A senior doctor is warning today that the heavy reliance of the NHS on locum doctors is leading to a dangerous state of affairs and putting patient safety at risk. The comments come in today’s BMJ from Professor Chris Isles who points to a poorly regulated locum sector in the UK based on his own experiences in trying to fill his medical staff rota.
Professor Isles, from the Dumfries and Galloway Royal Infirmary, says he was dismayed to be offered locum doctors who were inappropriate in terms of experience, qualifications, and fatigue. He believes his experience raises some serious questions for the health service.
The demand for agency locum doctors has increased following the full implementation of the European Working Time Directive and the number of vacancies which are increasingly hard to fill. A recent report by Audit Scotland showed the NHS in Scotland spent 47 million pounds on locums in 2008-9. The Department of Health does not collect figures to show how much English NHS trusts spend on locums. Audit Scotland also found procedures for induction and supervision of locum staff were vague and more likely to be overlooked.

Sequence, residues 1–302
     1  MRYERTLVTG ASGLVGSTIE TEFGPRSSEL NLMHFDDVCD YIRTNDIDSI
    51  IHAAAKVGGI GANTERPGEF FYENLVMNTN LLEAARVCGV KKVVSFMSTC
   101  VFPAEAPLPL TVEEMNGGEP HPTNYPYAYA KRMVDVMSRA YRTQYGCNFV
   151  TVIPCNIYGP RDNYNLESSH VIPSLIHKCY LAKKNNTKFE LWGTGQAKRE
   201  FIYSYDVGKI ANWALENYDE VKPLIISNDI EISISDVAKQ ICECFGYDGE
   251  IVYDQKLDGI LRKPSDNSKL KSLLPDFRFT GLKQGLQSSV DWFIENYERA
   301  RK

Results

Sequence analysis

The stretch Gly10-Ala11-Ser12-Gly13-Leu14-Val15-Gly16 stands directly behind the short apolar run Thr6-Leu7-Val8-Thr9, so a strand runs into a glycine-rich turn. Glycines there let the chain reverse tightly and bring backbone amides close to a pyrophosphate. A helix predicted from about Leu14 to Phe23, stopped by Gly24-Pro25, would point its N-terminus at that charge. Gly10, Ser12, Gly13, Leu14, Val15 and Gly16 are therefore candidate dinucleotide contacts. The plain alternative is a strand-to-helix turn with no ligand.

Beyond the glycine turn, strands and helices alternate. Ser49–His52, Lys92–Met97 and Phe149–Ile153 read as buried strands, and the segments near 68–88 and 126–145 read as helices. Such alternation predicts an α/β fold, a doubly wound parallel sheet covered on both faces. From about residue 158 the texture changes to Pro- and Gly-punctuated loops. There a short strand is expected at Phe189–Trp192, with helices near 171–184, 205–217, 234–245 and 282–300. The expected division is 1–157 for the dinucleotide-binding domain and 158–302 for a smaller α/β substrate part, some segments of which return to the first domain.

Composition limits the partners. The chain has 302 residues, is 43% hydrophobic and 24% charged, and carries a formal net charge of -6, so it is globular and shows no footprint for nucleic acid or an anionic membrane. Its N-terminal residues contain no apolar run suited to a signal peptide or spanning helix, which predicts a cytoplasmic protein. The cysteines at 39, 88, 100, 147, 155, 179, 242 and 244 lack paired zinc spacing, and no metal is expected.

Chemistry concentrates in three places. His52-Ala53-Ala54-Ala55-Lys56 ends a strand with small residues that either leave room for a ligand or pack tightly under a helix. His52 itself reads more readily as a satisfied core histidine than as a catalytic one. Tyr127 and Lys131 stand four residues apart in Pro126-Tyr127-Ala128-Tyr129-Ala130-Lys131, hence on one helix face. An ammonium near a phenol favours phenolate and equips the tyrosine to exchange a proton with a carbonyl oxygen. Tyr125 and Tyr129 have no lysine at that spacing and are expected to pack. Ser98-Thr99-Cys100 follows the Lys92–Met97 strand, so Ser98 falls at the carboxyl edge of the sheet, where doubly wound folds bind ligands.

Professor Isles believes responsibility lies with the Working Time Directive and Modernising Medical Careers, but he concludes: “Most of all I rage at the locum agencies whose abject failure to regulate themselves should surely have led to intervention by the GMC by now. We pay lip service to patient safety by allowing this scandalous state of affairs to continue.”